Patagonia 2010 Part 1
Once again, almost a year to the day, I am back in Argentina. This time, under the special invitation of the Consulate General of Argentina in New York. The plan is to kayak the Ibera Marshes (the equivalent of the Florida Everglades) and hike the jungle of Pinialito and Iguazu (known for the famous huge falls) in the hopes of photographing Argentina’s endangered and threatened wildlife. But before all of that, I needed to travel south, back to the Valdes Peninsula, where I had left my equipment in storage. Although it would have been quicker to simply drive down, load the car and head straight back up, the temptation of exploring was a bit too much and I decided to take a month and wander my way around Patagonia, taking the long way back.
Estancia San Miguel
Nestled between Bahia Camarones and Bahia Bustamante, San Miguel is your typical Patagonian Estancia (ranch). Bordered by 35 kilometers of ocean front, thousands of hectares of pure steppe house a little bit over 3,500 sheep. Ricardo is the gaucho (cowboy) who takes care of everything. On the day of my arrival, shortly after settling down, he invited me to join him and some guests for an asado (Argentinean barbecue). With a huge smile, I gladly accepted. Little did I know that a big surprise was in store for me. In the Quincho (barbecue shed), fresh made pasta was hanging in the corner on a broom stick, and the fireplace was warmed to perfection. Thick bricks of charcoal had been lit hours ago and were now producing a nice bed of hot ashes, slowly cooking the lamb. The world is incredibly small, and as it turns out, the other guests were in fact friends of mine from Puerto Piramides. Gerardo, Vicky and Santiago, owners of the ACA (where I had stayed last year) were also friends with the owner of the Estancia. They had taken a week off and were on their way back when they decided to stop by for the night. As if this was not enough, also sitting at the table was renowned photographer Jasmine Rossi. Rossi and I had been communicating for some time but our schedules had always been impossible to coordinate. Rossi also knew the owner of the Estancia and was on her way to Valdez to photograph the Commerson Dolphins. Unfortunately, the dolphins were no where to be seen, so she decided to swing by for a couple of nights. My ACA friends knew Rossi by reputation from her time at the Peninsula, but as we found out during dinner, they were all from two blocks away in Buenos Aires. Small world indeed!!
The next day, Ricardo set our horses and off we went. During last night’s dinner, Ricardo had mentioned two whale carcasses on the beach and we wanted to find out more. At just about one kilometer from each other, a small minke whale and an old male orca laid on the rocks, their skin leathered by the sun. Ricardo told us that they appeared last September. It is quite common to find stranded whales, but the orca was something else. This was a huge and powerful male orca, at over 25 feet in length. There was no evident sign of trauma or wounds, and we figured the orca must have died of old age. We later learned that close to 50 pilot whales had been found, also in September, stranded in the nearby bay at Bahia Bustamante. After talking to locals, we realized that those three events coincidentally happened at the same time Pan American Oil was conducting seismic surveys in the area. If this was the case, it would not be the first time oil companies’ activities would be responsible for massive whale strandings. This could also be the cause for the massive stranding of 400 whales in the same area back in 1991.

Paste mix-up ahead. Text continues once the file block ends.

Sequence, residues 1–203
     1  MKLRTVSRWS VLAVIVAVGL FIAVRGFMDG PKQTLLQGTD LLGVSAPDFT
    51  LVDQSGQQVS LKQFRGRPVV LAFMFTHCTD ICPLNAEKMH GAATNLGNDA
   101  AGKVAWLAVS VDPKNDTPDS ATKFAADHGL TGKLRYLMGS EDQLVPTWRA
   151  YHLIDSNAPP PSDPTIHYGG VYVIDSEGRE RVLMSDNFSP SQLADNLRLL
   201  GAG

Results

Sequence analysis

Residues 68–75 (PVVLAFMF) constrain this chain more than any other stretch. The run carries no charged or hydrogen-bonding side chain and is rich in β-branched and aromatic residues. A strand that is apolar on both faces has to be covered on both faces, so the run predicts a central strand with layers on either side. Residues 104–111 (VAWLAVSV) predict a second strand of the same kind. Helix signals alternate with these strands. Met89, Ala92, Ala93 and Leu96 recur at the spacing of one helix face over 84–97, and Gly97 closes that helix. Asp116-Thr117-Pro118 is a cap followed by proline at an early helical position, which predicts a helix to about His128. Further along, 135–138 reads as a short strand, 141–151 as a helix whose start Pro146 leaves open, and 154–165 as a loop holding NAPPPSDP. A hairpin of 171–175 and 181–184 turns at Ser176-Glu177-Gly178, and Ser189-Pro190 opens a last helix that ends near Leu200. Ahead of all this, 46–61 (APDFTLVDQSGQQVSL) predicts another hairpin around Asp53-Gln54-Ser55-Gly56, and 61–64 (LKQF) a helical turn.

The next day, we were invited over to Estancia La Ernesta where the owner, Gonzalo, was in the process of inseminating a 1,000 sheep. Sheep farming in Argentina is big business and Gonzalo took the time to explain every detail of it. Argentina is one of the best producers of merino wool in the world, the top one being Australia. And Australia makes huge money by selling the sperm of its champions. So every year, Australian frozen sheep sperm is sent all around the world! Now female sheep are inseminated as to assure they only give birth to the best offspring. Gonzalo uses both the sperm from his own champions (one came second in “Best Wool” and the other has been a number one in genetics for several years!) and sperm from Australia for insemination. When ready, estrogen is given to the female so that they are all ready at the same time. Vasectomized rams are brought in with little harnesses. The vasectomy is really important here. You don’t want to castrate the male. You want those hormones still alive, you simply don’t want them to reproduce. Those males have a specific and important mission, to identified which female is ready to be inseminated. The harness on the rams is fitted with a red chalk so that when they mount the females, they leave a big red patch on the female’s back. All females with red on their buttocks are then lined up and inseminated. It is not only in the “reproductive” realm that science is applied to sheep farming. The correct exact amount of sheep a size of land is capable to handle is also a matter of mathematics. Australia has one of the best ratios, with eight sheep per hectare. (Now please DON’T quote me on this, the information might be wrong and there are many other realities that may affect the numbers!) Argentina has anywhere between 0.1 to 3 sheep per hectare. Meaning that in Patagonia, if you have dry land, you might need as much as 1,000 hectares for 100 sheep. This data is carefully tracked and managed by the farmer. They rotate their sheep according to the weather and amount of food available. Gonzalo has definitely been doing good work because his wool is one of the best in the world and is sold to Ermenegildo Zegna.